When you are given a very large number of events, say millions, and you need to tell a story then what would you do?
In good old days, the computational task of ‘remembering’ and then selecting such events was very different. You could just not remember so many events and could not store them even in secondary memory. The best one could do was to somehow remember the most ‘prominent’ ones and used them in telling stories. These prominent events were not considered prominent because there was a well defined mechanism, but because due to some reason they were deemed to be prominent. And because one needed to tell a story, these were the best events one had access to. Moreover, one only had vague memory of the experience of the event and so it was important to make those experiences as compelling as possible. No wonder, creativity or imagination was considered one of the most important factor in story creation. Of course, storytelling also involves conveying the story to the audience. And this meant using oral or written medium. In oral stories, the ability to modulate voice to bring in emotions was considered one of the most important talent required while in written medium the ability to recreate description of characters as well as places and convey emotions using writing was the most important talent required.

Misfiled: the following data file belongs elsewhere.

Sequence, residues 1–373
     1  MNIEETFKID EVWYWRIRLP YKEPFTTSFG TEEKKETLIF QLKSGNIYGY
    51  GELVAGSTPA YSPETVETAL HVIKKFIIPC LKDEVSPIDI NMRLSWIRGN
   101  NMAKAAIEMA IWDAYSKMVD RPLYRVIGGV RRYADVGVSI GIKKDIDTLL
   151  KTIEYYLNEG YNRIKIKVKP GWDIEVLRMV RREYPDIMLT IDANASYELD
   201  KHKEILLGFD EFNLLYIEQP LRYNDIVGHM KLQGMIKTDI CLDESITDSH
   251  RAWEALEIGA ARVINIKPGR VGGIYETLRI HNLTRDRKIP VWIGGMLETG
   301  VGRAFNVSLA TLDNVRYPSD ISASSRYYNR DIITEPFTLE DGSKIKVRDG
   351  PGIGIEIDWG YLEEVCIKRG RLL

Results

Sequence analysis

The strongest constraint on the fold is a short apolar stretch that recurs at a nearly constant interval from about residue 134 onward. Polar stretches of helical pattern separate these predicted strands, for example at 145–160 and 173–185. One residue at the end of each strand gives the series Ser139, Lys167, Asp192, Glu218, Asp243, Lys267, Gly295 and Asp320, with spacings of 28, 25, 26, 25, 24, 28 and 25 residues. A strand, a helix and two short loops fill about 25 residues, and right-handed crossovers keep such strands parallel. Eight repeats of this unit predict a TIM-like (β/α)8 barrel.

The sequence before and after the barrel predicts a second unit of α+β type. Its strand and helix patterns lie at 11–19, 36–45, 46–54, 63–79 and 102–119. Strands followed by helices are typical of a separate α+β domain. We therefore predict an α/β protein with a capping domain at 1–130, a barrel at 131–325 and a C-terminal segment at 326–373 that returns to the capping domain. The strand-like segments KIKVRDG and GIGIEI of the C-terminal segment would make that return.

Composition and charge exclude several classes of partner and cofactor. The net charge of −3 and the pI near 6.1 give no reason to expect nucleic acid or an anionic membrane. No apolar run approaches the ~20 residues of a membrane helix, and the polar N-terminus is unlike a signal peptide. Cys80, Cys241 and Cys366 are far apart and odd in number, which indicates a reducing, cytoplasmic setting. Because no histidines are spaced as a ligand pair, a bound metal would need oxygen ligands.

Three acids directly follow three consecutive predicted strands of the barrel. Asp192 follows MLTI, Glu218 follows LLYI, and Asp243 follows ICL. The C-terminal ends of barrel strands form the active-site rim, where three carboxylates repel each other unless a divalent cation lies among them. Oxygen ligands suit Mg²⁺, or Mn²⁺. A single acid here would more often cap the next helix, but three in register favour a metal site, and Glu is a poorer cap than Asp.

No wonder that the tradition of storytelling relied more on talents in rendering the story based on mostly imaginary or partly real and partly imaginary events and experiences in those events. A very important cultural artifact of the absence of technology to store, organize, and select real event experiences is that most people expect stories to be, well just that stories. I often hear: ‘Is this true or is this a story’? How interesting that the fascination to hear other people’s experiences to derive enjoyment as well as knowledge on one had, while fascination to share one’s experiences with others resulted in such a rich tradition as telling stories, but lack of technology pushed the civilizations to accept fiction as a surrogate for facts. Many cultures still keep facts and fiction almost indistinguishable.
With advances in technology things started changing. First due to recording technology (initially for text, then for sensory information such as photos and audio) people started capturing event experiences in its original form and then started using these. Interestingly, these were even used for telling imaginary stories. One interesting thing, however, is that in storytelling the difference between real and imaginary started becoming stronger. Of course some other things also started happening. Imaginary was created more vividly using the original capture technology with modifications in it. But all those areas (virtual reality, augmented reality) recognize that reality is different from non-reality or imaginary.
Storytelling is changing because many stories that were based on partial knowledge of a few events and recreation of those events and were so popular can now be told using captured experiences over a long period of time because all such event experiences do exist. This is definitely resulting in interesting forms of storytelling.